Malaysian Palm Oil Council

environment & sustainability

Malaysia-EU Relations

Michalis Rokas, the European Union’s ambassador to Malaysia, sat down with Bernama TV’s Danial Rahman to discuss the current state of Malaysia-EU relations. In the “The Nation” programme, titled “Malaysia-EU Relations,” Rokas offered insight into the dynamic between the two nations and the potential for future cooperation. The interview provides a valuable look into the …

Malaysia-EU Relations Read More »

Why palm oil is key for food security and sustainability

Sustainability has rightfully been becoming more mainstream in the public’s consciousness in recent years. This is in response to mankind facing ever greater climate-related challenges. Among the main knock-on concerns associated with a worsening climate is its implications on our food security. Put simply, the United Nations estimates that by 2050, the world must feed …

Why palm oil is key for food security and sustainability Read More »


Dayak Oil Palm Planters Association Urges EU to Support Indigenous Farmers

The Sarawak Dayak Oil Palm Planters Association (DOPPA) is urging the European Union Parliament to support indigenous Dayak oil palm farmers in Malaysia. The DOPPA had raised concerns about the introduction of the EU Corporate Sustainable Due Diligence (CSDD) on the import of palm oil by European countries. “The EU’s action against palm oil may have a …

Dayak Oil Palm Planters Association Urges EU to Support Indigenous Farmers Read More »


EU Exclusion of Palm-based Bioenergy Will Fail Its Ambitions to Decarbonise

Increasing the use of sustainable bioenergy is the most effective way to reduce the carbon intensity of fuels for the transport and energy sectors in the European Union. Wastes and residues from agricultural activities have the best potential to deliver zero-emissions energy as traditional sources of farm emissions from the biodegradation of farm wastes are …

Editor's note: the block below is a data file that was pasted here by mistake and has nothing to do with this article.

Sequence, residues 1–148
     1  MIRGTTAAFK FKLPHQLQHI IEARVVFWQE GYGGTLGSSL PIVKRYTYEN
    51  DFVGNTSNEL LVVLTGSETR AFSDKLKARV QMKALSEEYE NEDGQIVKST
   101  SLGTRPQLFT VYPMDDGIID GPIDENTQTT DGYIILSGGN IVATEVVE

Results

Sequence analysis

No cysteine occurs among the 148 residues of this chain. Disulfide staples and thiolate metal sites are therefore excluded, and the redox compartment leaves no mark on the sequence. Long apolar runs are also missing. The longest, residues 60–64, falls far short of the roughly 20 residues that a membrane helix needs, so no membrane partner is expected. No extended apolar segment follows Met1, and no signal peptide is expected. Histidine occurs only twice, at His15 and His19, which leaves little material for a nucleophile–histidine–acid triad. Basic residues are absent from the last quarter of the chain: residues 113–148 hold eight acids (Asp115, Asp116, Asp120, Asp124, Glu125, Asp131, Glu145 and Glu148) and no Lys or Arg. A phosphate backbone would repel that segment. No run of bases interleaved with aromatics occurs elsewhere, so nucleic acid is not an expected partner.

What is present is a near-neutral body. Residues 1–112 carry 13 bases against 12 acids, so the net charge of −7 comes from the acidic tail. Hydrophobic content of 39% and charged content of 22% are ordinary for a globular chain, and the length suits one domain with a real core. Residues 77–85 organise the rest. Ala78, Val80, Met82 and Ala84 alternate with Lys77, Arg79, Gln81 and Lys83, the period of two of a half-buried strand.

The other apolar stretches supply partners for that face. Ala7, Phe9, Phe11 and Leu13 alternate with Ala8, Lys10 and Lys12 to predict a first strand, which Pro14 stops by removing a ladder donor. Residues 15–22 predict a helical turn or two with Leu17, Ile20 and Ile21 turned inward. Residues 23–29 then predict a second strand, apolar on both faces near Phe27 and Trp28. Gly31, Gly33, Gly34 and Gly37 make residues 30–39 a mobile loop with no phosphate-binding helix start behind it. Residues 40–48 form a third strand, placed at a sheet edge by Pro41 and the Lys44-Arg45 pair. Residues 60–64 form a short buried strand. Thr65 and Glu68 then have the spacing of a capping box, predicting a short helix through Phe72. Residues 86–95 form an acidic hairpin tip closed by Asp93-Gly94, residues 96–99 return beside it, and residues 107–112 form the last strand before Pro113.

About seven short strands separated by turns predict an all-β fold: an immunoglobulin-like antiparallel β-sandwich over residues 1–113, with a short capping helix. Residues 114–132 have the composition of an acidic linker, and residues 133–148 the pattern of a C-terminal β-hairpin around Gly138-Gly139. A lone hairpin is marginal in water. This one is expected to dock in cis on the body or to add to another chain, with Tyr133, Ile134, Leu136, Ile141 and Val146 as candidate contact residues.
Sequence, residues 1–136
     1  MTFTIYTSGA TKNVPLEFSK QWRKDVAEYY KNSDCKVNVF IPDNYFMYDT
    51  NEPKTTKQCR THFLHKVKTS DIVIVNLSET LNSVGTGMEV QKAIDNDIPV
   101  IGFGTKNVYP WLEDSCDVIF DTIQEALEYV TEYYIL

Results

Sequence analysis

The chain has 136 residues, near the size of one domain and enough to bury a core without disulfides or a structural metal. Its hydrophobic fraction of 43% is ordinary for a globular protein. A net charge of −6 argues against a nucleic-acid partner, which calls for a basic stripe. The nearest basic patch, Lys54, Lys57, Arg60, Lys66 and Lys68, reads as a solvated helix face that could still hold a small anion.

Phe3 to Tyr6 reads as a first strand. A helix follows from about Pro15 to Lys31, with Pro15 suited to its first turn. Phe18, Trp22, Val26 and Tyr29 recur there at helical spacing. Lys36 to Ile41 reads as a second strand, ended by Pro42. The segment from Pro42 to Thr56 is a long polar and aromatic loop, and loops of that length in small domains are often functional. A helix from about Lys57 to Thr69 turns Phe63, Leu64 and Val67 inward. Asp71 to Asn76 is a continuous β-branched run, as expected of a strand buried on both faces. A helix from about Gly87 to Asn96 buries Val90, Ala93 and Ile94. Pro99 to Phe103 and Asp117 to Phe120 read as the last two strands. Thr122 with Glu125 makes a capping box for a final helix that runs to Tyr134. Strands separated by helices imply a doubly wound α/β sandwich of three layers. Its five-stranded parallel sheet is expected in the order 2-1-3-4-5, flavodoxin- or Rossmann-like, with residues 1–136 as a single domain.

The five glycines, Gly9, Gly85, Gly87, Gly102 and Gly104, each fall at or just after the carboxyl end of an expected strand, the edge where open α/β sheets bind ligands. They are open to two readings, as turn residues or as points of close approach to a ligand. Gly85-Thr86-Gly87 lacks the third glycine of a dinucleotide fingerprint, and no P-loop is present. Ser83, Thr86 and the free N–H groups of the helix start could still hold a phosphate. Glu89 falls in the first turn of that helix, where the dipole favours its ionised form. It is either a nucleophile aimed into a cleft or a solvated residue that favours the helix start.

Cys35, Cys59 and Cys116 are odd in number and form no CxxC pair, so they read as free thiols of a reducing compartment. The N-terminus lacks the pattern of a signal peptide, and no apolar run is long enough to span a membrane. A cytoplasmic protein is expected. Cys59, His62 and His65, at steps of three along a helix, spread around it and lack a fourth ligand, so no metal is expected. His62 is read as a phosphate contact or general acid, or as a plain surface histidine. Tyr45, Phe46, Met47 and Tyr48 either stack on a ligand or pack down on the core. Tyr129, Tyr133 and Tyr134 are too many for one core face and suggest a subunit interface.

EU Exclusion of Palm-based Bioenergy Will Fail Its Ambitions to Decarbonise Read More »


Is palm oil really bad


Palm oil finds its use in almost everything from food to cosmetics to confectionaries. In reality, nearly 50% of the world’s population relies on the use of palm oil.

Every crop, when cultivated, leaves some impacts which may be positive and negative. In the case of edible oil crops, many effects are apparent on the environment and human health.

Undoubtedly, palm oil is notorious for having some adverse consequences on forest cover and natural habitats. But the extent of these effects is far less than other edible vegetable oils, including mustard oil, sunflower oil, olive oil, flaxseed oil, groundnut oil, etc.


Sustainablre palm oil or no-palm oil


Everything we use in our life has both positive and negative impacts on us. Now it is up to us to manage the effects positively or negatively. Similar is the case with the use and cultivation of palm oil.

Palm oil is not only a prominent component in food manufacturing. But it has wide-ranging applications in different fields of life, including pharmaceuticals, cosmetics, industrial features, animal feed, and health benefits.


Is Malaysian Palm Oil Sustainable


Palm oil is considered the most widely produced oil, with broad applications from the food industry to pharmaceuticals. Palm oil makes up 40% of worldwide vegetable oil consumption. It does not occupy a large area for its production, which increases its importance in other edible vegetable oils. Another striking attribute of palm oil is its yield which is very high compared to other vegetable oils.


Is Malaysia deforested

IS MALAYSIA DEFORESTED? The reality of disinformation

Malaysia is among the few countries which are famous for its most complex rainforest ecosystems in the world. The country is rich in fertile soil and natural resources, fertile soil, and high rainfall. Contrary to the decade-long campaigns spreading rumors that Malaysia has a ‘high deforestation rate,’ the country is still predominantly forested. It constitutes 54% of the total land of the country. The number is surprising after 63 long years of independence. It is interesting to know how a country that primarily depends on natural resources could maintain extensive forest cover.